Set up by Mr Matar Saeed bin Mazina in 1890, the Heritage House exemplifies local, traditional housing. To visitors, it demonstrates how past Emiratis dealt with everyday difficulties – especially the city’s hot and dusty weather. Built of coral stone, plaster, teakwood, Chantal wood, and the trunks of palm trees, this house comprises two floors.
Visitors can discover the variety of furniture, cosmetics, toys, jewellery and old household tools and utensils (such as pottery, copper, wood and glass items) used by locals traditionally.
Enjoy a Trip to Dubai’s Deserts
It’s impossible to visit Dubai without a trip to its deserts. The hot breeze, golden sands, and wondrous views are stunning, and unmistakeably characteristic of the nation. To experience Dubai’s ancient past, and enjoy a brand-new experience, explore one of the many options that Dubai’s deserts have to offer, as listed below.
One of the various activities in Dubai’s deserts is a camel safari. Sit atop a camel’s back and let the experienced trainer guide you while you observe the beauty of the desert around you.
If you’re not a fan of camels, but still want to experience a tour of the desert, consider booking a desert safari. Seat yourself at the back of a car, and hold on tight while your knowledgeable driver takes you across vast, empty sand dunes at exhilaratingly high speeds. Booking with the company Arabian Adventures will provide you with not only an exciting safari but also the opportunity to take breath-taking photos of the sunset view before being transported to a traditional-style Bedouin camp under the twinkling stars, for a feast of delicious Emirati cuisine.
Adrenaline-seekers shouldn’t miss out on this opportunity. Much like snowboarding, sandboarding involves simply strapping contraptions to your feet and gliding down sand dunes – watch out, though, because it might get messy! You can rent a sandboard at Big Red, Dubai’s most famous sand dune, or else book the experience through a company, such as Dream Explorer Dubai.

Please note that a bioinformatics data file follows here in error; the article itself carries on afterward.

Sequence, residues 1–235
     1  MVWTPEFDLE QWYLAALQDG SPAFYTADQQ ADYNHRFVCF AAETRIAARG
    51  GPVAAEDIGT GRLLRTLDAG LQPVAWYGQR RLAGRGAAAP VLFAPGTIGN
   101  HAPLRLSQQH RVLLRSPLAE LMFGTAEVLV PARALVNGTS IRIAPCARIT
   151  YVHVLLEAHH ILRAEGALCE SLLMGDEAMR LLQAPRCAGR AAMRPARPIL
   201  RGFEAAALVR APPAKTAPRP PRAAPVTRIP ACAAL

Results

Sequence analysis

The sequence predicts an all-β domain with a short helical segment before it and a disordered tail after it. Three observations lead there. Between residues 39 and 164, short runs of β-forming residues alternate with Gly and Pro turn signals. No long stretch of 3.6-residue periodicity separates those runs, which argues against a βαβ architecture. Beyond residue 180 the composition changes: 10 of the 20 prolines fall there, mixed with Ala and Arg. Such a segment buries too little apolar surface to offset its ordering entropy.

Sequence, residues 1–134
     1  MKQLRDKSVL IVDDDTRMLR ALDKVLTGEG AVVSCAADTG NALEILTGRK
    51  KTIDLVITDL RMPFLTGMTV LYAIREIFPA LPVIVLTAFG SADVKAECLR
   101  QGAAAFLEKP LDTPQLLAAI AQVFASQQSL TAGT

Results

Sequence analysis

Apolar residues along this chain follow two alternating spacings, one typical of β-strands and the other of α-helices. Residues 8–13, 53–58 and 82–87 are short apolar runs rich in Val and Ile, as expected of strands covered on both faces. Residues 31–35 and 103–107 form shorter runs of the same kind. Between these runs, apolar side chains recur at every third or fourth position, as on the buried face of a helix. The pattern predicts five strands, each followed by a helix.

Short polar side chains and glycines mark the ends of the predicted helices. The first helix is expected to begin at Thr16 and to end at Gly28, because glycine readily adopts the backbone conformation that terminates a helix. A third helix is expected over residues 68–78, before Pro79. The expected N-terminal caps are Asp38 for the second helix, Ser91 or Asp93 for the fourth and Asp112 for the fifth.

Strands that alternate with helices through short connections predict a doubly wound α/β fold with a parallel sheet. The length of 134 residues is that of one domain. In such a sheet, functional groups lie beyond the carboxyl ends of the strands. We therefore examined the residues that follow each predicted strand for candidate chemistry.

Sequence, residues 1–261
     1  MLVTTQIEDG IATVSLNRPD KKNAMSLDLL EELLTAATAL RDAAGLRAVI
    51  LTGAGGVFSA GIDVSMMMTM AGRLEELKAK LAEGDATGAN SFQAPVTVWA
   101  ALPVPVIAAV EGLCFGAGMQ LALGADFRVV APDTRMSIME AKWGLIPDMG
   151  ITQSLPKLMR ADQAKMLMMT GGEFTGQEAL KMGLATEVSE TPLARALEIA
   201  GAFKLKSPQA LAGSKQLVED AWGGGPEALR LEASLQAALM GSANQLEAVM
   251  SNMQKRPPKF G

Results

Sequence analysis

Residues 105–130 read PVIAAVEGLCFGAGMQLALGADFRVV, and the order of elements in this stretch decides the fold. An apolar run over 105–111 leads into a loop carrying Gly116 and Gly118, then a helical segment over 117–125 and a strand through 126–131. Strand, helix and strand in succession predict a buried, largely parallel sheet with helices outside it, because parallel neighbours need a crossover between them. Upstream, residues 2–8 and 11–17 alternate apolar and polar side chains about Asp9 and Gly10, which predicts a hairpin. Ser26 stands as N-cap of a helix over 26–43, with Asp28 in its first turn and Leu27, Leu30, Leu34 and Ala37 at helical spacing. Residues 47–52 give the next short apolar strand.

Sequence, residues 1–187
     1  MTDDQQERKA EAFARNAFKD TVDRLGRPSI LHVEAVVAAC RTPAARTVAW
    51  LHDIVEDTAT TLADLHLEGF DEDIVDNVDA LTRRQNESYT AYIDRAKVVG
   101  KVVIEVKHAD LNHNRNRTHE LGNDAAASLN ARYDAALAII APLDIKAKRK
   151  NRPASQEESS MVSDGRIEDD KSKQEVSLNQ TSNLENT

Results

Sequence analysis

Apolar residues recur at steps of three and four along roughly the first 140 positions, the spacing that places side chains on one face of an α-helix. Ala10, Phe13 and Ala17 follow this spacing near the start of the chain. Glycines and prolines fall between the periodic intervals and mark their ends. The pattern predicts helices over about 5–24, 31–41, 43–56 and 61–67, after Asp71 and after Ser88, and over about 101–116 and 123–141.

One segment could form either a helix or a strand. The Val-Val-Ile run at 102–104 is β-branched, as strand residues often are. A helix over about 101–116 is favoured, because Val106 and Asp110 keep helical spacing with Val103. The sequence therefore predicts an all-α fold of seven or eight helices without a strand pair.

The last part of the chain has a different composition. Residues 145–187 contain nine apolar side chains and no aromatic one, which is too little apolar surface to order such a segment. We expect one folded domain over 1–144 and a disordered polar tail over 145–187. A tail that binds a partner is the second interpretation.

Cultural Day Trips
If you’re staying in the city long enough to want to venture out of it, here are a couple of fun day trips that you can take to learn more about Emirati culture, heritage, and history as a whole. Both items on this list are based in Abu Dhabi, the UAE’s capital city – but, of course, they are not conclusive. For a more comprehensive list of things to do in Abu Dhabi, see here.
Sheikh Zayed Grand Mosque
The Sheikh Zayed Grand Mosque is one of the most impressive and well-known landmarks in the UAE – and, particularly, in Abu Dhabi. It is one of the world’s largest mosques, capable of welcoming up to 55,000 worshippers and visitors every day.
Architects completed the mosque in just over a decade. They did this with the specific aim of embodying Islam’s ideology of peace and tolerance, welcoming individuals from all parts of the world. It is because of this that Sheikh Zayed bin Sultan Al Nahyan, the founder of the UAE, intended for this mosque to incorporate the architectural styles of various different Islamic civilizations and cultures. The mosque’s architects, themselves British, Italian and Emirati, borrowed design ideas from the ancient civilizations of Turkey, Egypt, Pakistan, and Morocco.
The mosque contains 1096 amethyst-and-jasper-embedded columns, as well as gold-plated Swarovski chandeliers, 82 marble domes, reflective pools, and even one of the largest marble mosaic pieces globally, located in the courtyard. As well as this, it also features the iconic Arabic calligraphy on the walls, recounting Quranic verses. All in all, the mosque is both a picturesque site and a cultural relic – certainly, a day trip worth taking!
Qasr Al Muwaiji
Also located in Abu Dhabi, Qasr Al Muwaiji is a 100-year-old fort. Sheikh Khalifa bin Zayed bin Khalifa, the current ruler of the UAE, built it as a celebration of his royal lineage. This fort, like the Sheikh Saeed Al-Maktoum House, is the birthplace of UAE royalty. Decorating its walls are images from the country’s Bedouin past, charting its development up to the present day. It is the perfect location for history enthusiasts and culture vultures alike.
There’s never a dull moment in the city of Dubai. Whether you’re on the outskirts of the city, with the desert wind blowing in your face, or strolling through the cobbled streets of its souks, it’s evident that the city offers something for everyone. Of course, its luxurious monuments, decadent hotels, and grand skyscrapers may have provided it with its fame – but its souks, museums, and preserved historical sites offer an equally interesting trip for its visitors, reminding them of the city’s origins and the beauty of its humble, modest past.